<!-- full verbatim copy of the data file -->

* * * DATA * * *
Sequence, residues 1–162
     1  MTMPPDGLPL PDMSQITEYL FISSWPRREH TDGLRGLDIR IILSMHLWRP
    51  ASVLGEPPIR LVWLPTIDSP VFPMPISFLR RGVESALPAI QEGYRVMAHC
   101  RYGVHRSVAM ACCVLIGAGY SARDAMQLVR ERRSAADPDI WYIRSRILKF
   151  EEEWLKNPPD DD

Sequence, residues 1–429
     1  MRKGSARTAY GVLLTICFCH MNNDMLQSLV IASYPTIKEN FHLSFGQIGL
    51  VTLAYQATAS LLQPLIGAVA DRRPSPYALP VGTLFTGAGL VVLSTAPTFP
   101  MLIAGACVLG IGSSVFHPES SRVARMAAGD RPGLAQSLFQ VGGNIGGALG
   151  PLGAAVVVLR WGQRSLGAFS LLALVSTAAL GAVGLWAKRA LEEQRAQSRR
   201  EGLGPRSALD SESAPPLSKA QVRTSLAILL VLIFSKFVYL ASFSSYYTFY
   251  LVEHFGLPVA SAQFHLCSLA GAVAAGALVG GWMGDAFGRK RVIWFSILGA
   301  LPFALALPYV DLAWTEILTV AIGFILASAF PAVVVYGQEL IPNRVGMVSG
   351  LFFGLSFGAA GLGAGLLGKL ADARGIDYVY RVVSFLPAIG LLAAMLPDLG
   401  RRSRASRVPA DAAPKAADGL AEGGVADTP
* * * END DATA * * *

Sequence, residues 1–162
     1  MTMPPDGLPL PDMSQITEYL FISSWPRREH TDGLRGLDIR IILSMHLWRP
    51  ASVLGEPPIR LVWLPTIDSP VFPMPISFLR RGVESALPAI QEGYRVMAHC
   101  RYGVHRSVAM ACCVLIGAGY SARDAMQLVR ERRSAADPDI WYIRSRILKF
   151  EEEWLKNPPD DD

Sequence, residues 1–429
     1  MRKGSARTAY GVLLTICFCH MNNDMLQSLV IASYPTIKEN FHLSFGQIGL
    51  VTLAYQATAS LLQPLIGAVA DRRPSPYALP VGTLFTGAGL VVLSTAPTFP
   101  MLIAGACVLG IGSSVFHPES SRVARMAAGD RPGLAQSLFQ VGGNIGGALG
   151  PLGAAVVVLR WGQRSLGAFS LLALVSTAAL GAVGLWAKRA LEEQRAQSRR
   201  EGLGPRSALD SESAPPLSKA QVRTSLAILL VLIFSKFVYL ASFSSYYTFY
   251  LVEHFGLPVA SAQFHLCSLA GAVAAGALVG GWMGDAFGRK RVIWFSILGA
   301  LPFALALPYV DLAWTEILTV AIGFILASAF PAVVVYGQEL IPNRVGMVSG
   351  LFFGLSFGAA GLGAGLLGKL ADARGIDYVY RVVSFLPAIG LLAAMLPDLG
   401  RRSRASRVPA DAAPKAADGL AEGGVADTP